Post-Acquisition Restructuring (aka “The Honeymoon is Over”)
The champagne bottle is empty, and the post-acquisition giddiness of having completed the transaction has faded. Now begins the hard part - how to integrate the acquired company’s operations into your own international operations.
Issues that Prompt Restructuring
There are various factors that will necessitate a reorganization of the newly combined organization. Among them are: 1) business operation synergies that can be capitalized on by combining certain business processes; 2) reducing administrative costs and minimizing risk of legal or tax non-compliance by reducing the number of legal entities in the combined group; 3) facilitating cash flow within the group, including reducing the withholding tax cost associated with such cash flows; and 4) aligning the tax posture / planning of the two companies. Some of these objectives can be achieved by merely reorganizing the legal structure of the group (e.g., inserting a new regional holding company to facilitate cash flow between non-U.S. subsidiaries without incurring incremental U.S. tax), but in some cases they will necessitate an actual movement of assets and personnel between entities either by way of sale, merger or liquidation.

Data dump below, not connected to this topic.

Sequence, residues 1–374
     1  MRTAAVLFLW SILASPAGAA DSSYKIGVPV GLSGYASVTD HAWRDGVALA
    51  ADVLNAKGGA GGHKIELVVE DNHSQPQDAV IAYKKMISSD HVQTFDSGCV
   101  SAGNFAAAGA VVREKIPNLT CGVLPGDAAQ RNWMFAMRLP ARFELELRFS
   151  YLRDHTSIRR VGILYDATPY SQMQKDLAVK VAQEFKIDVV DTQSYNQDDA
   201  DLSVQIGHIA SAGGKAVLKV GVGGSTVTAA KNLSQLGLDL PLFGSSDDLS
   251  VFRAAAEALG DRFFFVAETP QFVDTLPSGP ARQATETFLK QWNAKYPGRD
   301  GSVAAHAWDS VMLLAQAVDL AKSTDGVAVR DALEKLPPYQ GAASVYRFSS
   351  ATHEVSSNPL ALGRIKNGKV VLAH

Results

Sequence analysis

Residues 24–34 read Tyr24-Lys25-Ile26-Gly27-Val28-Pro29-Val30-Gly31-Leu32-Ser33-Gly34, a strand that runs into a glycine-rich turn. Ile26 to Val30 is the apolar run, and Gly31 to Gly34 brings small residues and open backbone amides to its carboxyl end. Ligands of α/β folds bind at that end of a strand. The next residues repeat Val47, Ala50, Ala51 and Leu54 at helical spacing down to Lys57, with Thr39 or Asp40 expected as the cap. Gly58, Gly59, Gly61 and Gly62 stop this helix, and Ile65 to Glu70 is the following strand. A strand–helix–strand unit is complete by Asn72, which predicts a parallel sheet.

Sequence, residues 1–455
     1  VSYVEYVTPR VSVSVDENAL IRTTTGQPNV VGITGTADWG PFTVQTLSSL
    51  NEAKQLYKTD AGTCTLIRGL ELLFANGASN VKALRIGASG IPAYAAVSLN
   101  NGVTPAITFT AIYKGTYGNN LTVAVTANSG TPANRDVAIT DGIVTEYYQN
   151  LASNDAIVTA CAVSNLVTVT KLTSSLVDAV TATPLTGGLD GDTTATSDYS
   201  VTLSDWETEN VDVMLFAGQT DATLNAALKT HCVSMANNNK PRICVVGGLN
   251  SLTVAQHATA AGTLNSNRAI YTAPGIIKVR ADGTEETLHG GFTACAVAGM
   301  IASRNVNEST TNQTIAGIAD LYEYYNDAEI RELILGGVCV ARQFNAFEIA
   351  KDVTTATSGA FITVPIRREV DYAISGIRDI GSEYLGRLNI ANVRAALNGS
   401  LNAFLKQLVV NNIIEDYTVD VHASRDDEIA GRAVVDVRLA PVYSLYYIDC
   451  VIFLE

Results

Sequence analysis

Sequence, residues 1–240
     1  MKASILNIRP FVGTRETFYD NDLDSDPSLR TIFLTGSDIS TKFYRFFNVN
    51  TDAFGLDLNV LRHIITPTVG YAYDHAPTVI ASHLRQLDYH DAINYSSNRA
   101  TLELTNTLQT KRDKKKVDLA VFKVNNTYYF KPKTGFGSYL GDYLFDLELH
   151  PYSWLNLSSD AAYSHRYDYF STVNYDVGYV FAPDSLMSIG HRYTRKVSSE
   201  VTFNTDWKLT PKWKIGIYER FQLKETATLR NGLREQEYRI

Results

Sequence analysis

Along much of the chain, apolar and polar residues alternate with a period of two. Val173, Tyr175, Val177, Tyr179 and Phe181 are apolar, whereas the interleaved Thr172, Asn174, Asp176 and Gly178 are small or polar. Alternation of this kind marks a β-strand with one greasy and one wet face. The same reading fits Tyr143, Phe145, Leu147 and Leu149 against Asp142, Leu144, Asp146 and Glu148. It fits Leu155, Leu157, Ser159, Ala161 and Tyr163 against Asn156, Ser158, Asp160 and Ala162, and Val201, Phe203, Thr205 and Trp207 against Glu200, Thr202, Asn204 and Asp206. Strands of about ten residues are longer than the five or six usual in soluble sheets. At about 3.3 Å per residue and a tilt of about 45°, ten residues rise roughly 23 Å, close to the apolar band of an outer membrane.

Issues that Arise from Such Restructuring
As most CFOs and tax professionals are always careful not to let the “tax tail” wag the “business dog,” while intra-group restructuring can achieve many tax benefits for the group, there are a host of non-tax considerations which need to be carefully analyzed and dealt with. Among these are: 1) whether there are labor law implications from moving employees from one company to another in the same country, or in a different country; 2) whether new registrations and licenses need to be obtained to continue to fully protect the intellectual property related to the manufacturing of the company’s products in a more tax efficient jurisdiction; 3) whether changes to financial and accounting programs need to be made to account for differences in the intercompany pricing policies of the acquired companies and the existing Company transfer pricing policy; 4) whether the combination of activities or companies in a particular jurisdiction will require anti-trust and/or competition law clearance in that particular jurisdiction; 5) whether administrative and information systems processes need to be modified to support the reorganized group.